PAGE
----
◊ New York Times Review of Late Climbs the Sun (must be a member to read)
◊ Gladys Taber Quotes
◊ Gladys Taber Quotes on A-Z Quotes
◊ "Cape Women Online" Gladys Taber Article
◊ Gladys Taber's Family Tree
◊ Is Christmas in Connecticut's Protagonist Based on Gladys Taber?
Many country-themed or mindfulness blogs have entries about Gladys Taber. Here are a few of them:
◊ Morning Musings: Visiting Stillmeadow on Vacation (with photographs)
◊ Simple Treasures
◊ Granny Marigold
◊ Sketch People
◊ Day By Day
◊ The Common Room
◊ Lanier Ivester
◊ The Zees Go West
◊ Notes From the Hinterland
◊ Letters from a Hill Farm: A Year With Gladys and Rachel
◊ Mirabile Dictu
◊ Planet Joan
◊ Life on the Cutoff
◊ Creekside Cottage
◊ Leaves and Pages
◊ Seasonal Hearth
◊ Mountain Glen Farm: Sugarbridge Revisited
◊ May All Seasons Be Sweet to Thee: Stillmeadow and Sugarbridge
◊ Books Every Sixty Days: Gladys Taber and Barbara Webster
◊ Thistle Cove Farm: Gladys Taber and Susan Branch
◊ Shelley's Stillmeadow Scrapbook was a Gladys Taber blog, but has not been updated since 2007. Still, a few nice things to see!
In the 1990s and 2000s, the best known Gladys Taber site was run by Susan Stanley, but sadly Ms. Stanley passed away in 2007. Currently you can still find the majority of the site on archive.org's "Wayback Machine." Here are some of the monthly pages from Susan's site where she gathered quotes from the Stillmeadow books. Unfortunately the March and April pages are blank.
◊ January Page
◊ February Page
◊ May Page
◊ June Page
◊ July Page
◊ August Page
◊ September Page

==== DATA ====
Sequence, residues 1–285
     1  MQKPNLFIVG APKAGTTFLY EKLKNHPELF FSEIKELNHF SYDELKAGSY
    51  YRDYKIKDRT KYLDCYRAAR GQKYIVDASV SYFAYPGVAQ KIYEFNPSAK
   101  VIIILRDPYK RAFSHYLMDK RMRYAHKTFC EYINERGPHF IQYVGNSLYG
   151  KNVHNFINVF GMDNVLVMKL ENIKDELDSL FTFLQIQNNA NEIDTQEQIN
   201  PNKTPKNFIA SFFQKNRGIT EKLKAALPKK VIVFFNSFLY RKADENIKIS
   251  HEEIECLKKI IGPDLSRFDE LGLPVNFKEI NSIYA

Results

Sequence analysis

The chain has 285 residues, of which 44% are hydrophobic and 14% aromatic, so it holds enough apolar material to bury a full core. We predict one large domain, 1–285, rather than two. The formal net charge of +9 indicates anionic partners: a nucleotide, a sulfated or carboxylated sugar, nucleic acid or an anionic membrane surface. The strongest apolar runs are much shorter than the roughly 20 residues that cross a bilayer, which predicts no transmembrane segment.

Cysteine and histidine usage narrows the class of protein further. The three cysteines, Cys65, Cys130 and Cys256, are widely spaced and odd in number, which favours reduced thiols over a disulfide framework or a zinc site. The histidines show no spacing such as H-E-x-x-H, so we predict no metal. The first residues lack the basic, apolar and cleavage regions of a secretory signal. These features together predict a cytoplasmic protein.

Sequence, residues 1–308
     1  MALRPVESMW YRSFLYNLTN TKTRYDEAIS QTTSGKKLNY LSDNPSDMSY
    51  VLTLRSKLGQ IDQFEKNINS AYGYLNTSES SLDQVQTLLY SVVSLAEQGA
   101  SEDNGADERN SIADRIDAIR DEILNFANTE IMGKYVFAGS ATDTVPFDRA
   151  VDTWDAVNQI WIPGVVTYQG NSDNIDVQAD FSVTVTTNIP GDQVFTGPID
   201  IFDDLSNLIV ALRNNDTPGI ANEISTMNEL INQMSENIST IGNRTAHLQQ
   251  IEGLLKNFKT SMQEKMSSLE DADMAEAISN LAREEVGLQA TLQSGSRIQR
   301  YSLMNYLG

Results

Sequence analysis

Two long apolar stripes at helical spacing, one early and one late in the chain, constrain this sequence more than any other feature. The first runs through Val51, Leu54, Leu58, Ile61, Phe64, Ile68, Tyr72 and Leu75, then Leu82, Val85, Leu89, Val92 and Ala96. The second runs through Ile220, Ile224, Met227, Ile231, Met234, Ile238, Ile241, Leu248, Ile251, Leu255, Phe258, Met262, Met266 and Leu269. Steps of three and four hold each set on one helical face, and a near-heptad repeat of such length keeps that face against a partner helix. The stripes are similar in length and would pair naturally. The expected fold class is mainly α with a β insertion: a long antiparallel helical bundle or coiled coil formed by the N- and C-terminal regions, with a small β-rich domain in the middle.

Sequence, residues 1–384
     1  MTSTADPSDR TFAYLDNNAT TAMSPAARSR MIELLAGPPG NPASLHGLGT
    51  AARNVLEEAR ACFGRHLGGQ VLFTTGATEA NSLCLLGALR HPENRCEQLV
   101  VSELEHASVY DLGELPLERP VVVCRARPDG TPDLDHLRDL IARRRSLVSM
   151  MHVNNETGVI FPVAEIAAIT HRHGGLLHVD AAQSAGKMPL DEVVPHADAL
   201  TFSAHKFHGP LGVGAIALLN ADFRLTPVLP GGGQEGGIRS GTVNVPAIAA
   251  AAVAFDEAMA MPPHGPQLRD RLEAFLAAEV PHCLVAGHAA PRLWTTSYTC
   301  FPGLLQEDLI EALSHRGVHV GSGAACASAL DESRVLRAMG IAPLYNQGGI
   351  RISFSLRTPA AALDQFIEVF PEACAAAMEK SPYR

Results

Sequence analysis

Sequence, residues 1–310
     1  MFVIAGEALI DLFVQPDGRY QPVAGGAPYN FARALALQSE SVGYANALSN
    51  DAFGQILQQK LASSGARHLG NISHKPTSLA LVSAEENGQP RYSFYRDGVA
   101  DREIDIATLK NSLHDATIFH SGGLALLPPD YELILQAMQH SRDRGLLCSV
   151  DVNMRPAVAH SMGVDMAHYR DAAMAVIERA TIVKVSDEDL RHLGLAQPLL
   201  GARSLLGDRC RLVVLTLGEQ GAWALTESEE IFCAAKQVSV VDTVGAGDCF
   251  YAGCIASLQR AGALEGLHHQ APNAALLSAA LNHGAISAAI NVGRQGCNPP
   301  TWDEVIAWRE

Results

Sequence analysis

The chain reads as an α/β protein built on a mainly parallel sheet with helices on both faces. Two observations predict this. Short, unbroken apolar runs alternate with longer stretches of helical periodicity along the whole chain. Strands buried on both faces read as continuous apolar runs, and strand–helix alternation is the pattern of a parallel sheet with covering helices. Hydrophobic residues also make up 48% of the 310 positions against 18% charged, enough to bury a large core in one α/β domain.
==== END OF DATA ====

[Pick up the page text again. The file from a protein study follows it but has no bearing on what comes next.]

◊ October Page
◊ November Page
◊ December Page
A Small Gladys Taber Album
While most of Gladys Taber's Stillmeadow books are illustrated with lovely pen-and-ink drawings (in the early volumes by the incomparable Edward Shenton), some of the books contain photographs. Here are a few selections!
Stillmeadow in winter.
The huge colonial fireplace.
Gladys' beloved milk glass collection.
The kitchen where Gladys cooked up the luscious dishes chronicled in her cookbooks.
Gladys' columns and books were written here.
Holly, the Irish setter.
The dogs Tiki, Holly, Teddy, and Linda greet a visitor.
Amber, heroine of two of Taber's books.
Photographs from Stillmeadow Album
Gladys with Amber.
Photograph from Amber, A Very Personal Cat
Honey and Sister practicing Long Sit for their obedience degree.
Gladys and Honey.
Photographs from Especially Dogs
Gladys Taber's Cape Cod home, Still Cove.
Photograph from My Own Cape Cod
|This page is intended as a tribute to the memory and writings of Gladys Taber. The artwork of Stillmeadow is by Rita Kovacs. The photographs at the top are from Mrs. Daffodil and Stillmeadow Seasons, respectively, and those in the album from the books cited. The two drawings in the bibliography and links sections are by Edward Shelton.|